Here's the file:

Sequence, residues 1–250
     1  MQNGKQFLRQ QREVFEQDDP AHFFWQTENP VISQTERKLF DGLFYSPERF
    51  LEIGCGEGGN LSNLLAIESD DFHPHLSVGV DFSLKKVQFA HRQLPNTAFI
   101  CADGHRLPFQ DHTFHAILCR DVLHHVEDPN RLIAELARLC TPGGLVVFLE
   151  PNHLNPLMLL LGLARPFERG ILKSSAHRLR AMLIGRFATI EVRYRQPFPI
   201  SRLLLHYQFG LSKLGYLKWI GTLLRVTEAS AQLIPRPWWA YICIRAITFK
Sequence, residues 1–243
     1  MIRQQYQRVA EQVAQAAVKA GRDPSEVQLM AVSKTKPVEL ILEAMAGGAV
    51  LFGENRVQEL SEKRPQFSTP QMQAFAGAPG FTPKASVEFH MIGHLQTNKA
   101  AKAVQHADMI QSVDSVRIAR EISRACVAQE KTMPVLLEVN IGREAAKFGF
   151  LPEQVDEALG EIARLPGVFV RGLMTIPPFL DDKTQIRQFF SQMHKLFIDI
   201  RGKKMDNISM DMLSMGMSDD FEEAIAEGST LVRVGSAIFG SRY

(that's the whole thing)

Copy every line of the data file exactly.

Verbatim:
Sequence, residues 1–250
     1  MQNGKQFLRQ QREVFEQDDP AHFFWQTENP VISQTERKLF DGLFYSPERF
    51  LEIGCGEGGN LSNLLAIESD DFHPHLSVGV DFSLKKVQFA HRQLPNTAFI
   101  CADGHRLPFQ DHTFHAILCR DVLHHVEDPN RLIAELARLC TPGGLVVFLE
   151  PNHLNPLMLL LGLARPFERG ILKSSAHRLR AMLIGRFATI EVRYRQPFPI
   201  SRLLLHYQFG LSKLGYLKWI GTLLRVTEAS AQLIPRPWWA YICIRAITFK
Sequence, residues 1–243
     1  MIRQQYQRVA EQVAQAAVKA GRDPSEVQLM AVSKTKPVEL ILEAMAGGAV
    51  LFGENRVQEL SEKRPQFSTP QMQAFAGAPG FTPKASVEFH MIGHLQTNKA
   101  AKAVQHADMI QSVDSVRIAR EISRACVAQE KTMPVLLEVN IGREAAKFGF
   151  LPEQVDEALG EIARLPGVFV RGLMTIPPFL DDKTQIRQFF SQMHKLFIDI
   201  RGKKMDNISM DMLSMGMSDD FEEAIAEGST LVRVGSAIFG SRY